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Campbell’s new Stock First line

Campbell’s Canada has released a new line of products called Stock First. They have aimed these offerings at “the cook who wants to be a chef at home.”

They have a Beef and Chicken version that are parallel products to existing broths. Compared to the broths, the stocks are thicker, have a richer flavour and are intended to do things enrich sauces instead of, say acting as a base for soup. As well, at 480 ml the package size is smaller and that points to the idea that recipes may call for less than a cup of the stock.

Chef Suman Roy cooking with the new Stock First products.

Chef Suman Roy cooking with the new Stock First products.

The team and corporate chef Suman Roy seem most excited about the Cream Stock that is a rough approximation of pre-made bechamel. It’s stabilised and thickened with corn starch so that it won’t curdle or separate and has significantly less fat than heavy cream. The onion powder, spices, and dehydrated garlic make this a savoury-only ingredient–in my book at least.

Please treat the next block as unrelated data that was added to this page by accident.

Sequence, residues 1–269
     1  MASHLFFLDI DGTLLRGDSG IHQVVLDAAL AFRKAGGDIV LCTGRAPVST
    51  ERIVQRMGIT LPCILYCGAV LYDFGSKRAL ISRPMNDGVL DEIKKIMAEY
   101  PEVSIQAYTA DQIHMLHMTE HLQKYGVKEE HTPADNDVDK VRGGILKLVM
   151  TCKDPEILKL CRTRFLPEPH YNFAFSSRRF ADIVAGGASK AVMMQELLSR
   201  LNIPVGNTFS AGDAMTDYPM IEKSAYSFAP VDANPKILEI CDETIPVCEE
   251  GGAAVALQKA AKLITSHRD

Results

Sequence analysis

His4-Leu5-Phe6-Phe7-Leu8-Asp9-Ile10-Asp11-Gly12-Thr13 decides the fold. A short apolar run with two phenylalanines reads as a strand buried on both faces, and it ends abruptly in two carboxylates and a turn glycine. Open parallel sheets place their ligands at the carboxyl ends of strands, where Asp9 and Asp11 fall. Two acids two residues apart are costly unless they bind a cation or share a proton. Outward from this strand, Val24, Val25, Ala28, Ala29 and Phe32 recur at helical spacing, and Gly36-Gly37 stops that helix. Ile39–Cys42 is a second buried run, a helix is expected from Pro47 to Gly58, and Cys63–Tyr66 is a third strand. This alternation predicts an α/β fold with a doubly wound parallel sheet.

Seared scallops with a sauce made from one of the new Stock First products.

Seared scallops with a sauce made from one of the new Stock First products.

I had the pleasure of visiting Campbell’s test kitchen in suburban Toronto and we were given a guided tour of some of the recipes they’ve developed for the new products. To demonstrate the flexibility and range of the Stock First line these covered a lot of territory from scallops and steamed fish straight through to steak and risotto. A creme caramel made a surprise appearance for dessert.

Steak medallions in mushroom sauce. (Recipe available below.)

Steak medallions in mushroom sauce. (Recipe available below.)

The (supplied by Campbell’s) recipe for Steak Medallions in Mushroom sauce seems like a good use for the product and also an easy hill to climb for the home cook. Chef Suman Roy’s recipe is available in PDF format here. The only modifications I’d make are that I’d used a cast iron instead of non-stick pan and be sure to preheat it over medium-high heat for three minutes before putting the steaks in. To be really sure of getting a good, brown crust on the meat I’d also be sure to leave a couple inches between each steak so as to not to overcrowd the pan.

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